The Therapy Room

I hate therapy. I love being a therapist. But I hate therapy. Therapy is a strange concept, isn’t it? You are in a one-sided relationship where you are expected to pour out your soul. The therapist encourages you to think for yourself, take care of yourself, and allow yourself to feel overwhelming feelings instead of run from them. The therapy room becomes a haven where you greatly look forward to feeling relaxed, safe, and comfortable; but the therapy room also becomes a dreaded place where you learn to talk openly about nightmares, trauma, and the dark aspects of your life that you would never talk about otherwise. After you experience these conflicting feelings for 45 minutes to an hour and a half (that’s how long mine are; an hour and a half), you are expected to zip up your emotions and walk out of the therapy room as collected as you were when you first walked in. It’s bizarre. It teaches “containment skills.” In non-therapeutic terms, it teaches you to wear a facade. In some respects, a facade is necessary or you would never get anything done but wallow in the overwhelming feelings. However, you feel desperately alone in the facade. You go through the motions and wait both anxiously and excitedly until the next session, where you will pour out your heart in this bizarre, one-sided relationship.

I hate therapy. It sends me into a spiral for a few days following because I hate shoving my mask back on. If I could, I would shout my trauma from the roof tops, I would announce it to the world; I am sick of wearing this mask and pretending that I am functioning on a normal level. Anyone who is hiding something knows what I’m talking about. Statistics say at least 1 in 3 of you are hiding something. I’m so sorry. That is why I write this; you are not alone. You are not the only person wearing a mask. I wish we could come up with some sort of subtle sign to wear to alert others that you are falling apart beneath the facade. That way, those not struggling would not notice, but those who needed to know they are not alone would see.

My husband will be gone all day tomorrow. Where I usually have a break with the kids, I now have them ALL. DAY. LONG. So, here’s my to-do list. We’ll see how much gets done. This is me, zipping up my mask to function and parent, and do my best to manage myself and my household. I hate this mask. I hate learning to wear this mask, and I hate learning to manage the emotions under the mask. I hate therapy. I wish I could both never go to therapy and never leave therapy, all at the same time.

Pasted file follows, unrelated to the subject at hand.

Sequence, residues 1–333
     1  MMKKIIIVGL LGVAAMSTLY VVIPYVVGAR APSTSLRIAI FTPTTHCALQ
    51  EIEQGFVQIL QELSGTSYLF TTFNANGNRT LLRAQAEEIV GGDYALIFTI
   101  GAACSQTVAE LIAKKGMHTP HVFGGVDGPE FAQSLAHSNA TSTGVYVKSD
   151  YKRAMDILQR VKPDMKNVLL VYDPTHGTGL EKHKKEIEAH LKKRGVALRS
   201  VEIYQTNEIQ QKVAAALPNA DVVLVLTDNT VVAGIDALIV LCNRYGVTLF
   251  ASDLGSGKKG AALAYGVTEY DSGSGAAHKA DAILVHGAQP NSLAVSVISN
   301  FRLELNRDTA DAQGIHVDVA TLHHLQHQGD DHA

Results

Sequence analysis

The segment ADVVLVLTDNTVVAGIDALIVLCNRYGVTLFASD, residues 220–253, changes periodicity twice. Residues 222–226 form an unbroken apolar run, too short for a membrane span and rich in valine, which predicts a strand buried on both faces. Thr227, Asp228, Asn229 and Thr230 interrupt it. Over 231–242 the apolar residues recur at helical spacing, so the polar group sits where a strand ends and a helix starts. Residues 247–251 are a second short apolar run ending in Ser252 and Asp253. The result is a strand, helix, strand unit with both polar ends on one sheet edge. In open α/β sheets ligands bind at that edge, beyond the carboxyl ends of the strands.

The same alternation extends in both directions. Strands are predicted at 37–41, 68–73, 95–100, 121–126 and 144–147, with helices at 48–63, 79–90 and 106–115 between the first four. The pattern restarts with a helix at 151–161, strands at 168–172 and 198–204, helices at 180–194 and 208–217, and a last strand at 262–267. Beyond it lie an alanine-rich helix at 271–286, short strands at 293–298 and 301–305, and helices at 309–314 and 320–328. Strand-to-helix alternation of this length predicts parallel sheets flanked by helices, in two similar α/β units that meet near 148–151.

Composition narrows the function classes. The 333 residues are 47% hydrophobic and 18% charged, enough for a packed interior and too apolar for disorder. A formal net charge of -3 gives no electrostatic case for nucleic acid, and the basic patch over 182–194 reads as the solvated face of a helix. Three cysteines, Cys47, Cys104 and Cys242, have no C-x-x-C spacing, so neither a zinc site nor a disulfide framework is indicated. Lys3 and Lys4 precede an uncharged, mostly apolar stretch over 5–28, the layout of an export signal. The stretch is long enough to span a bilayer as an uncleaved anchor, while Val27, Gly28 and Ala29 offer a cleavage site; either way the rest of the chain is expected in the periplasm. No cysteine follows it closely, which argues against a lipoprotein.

to do list

13 thoughts on “The Therapy Room

      • Not alone at all. It is a strange, amazing and confusing thing, all at the same time. And I should know this having family members as therapists, but your own therapy is always such a personal paradox that no other experiences you hear of seem to do it justice! Hugs to you too xxx

  1. I’m so glad you had the courage to speak out about our masks and facades. I know that i wear mine the whole time that i’m not in therapy but wish i could show my true self. I can really identify with this. It is such a hard place for us to be. Hugs xx

    • I wish we could break down these barriers somehow, but in a huge way the mask is protective- we can’t pull the mask down until we are sure there is safety. I’m sorry you can identify but I’m also glad I’m not alone. Hugs. xx

  2. I’ve been in therapy for years with this PTSD crap, and finally come up for air a bit, yet still struggling at times. Therapy has helped in so many more ways than medication (don’t tell the pdocs that).

    • Good, I’m glad therapy has been so beneficial for you. There is certainly a place for medication, but I tend to agree with you… it’s so important to have support and have a safe place to work through stuff. Enjoy being up for air ๐Ÿ™‚ I’m sure you do not take it for granted ๐Ÿ™‚

  3. I feel just the same way. I get to my therapy appointments, looking forward to the safety and compassion of my therapist, but at the same time, I dread the stuff we could talk about. Some sessions are harder than others. I also have a hard time learning those containment skills. And I’m one of the queens of wearing the “I’m fine” mask.

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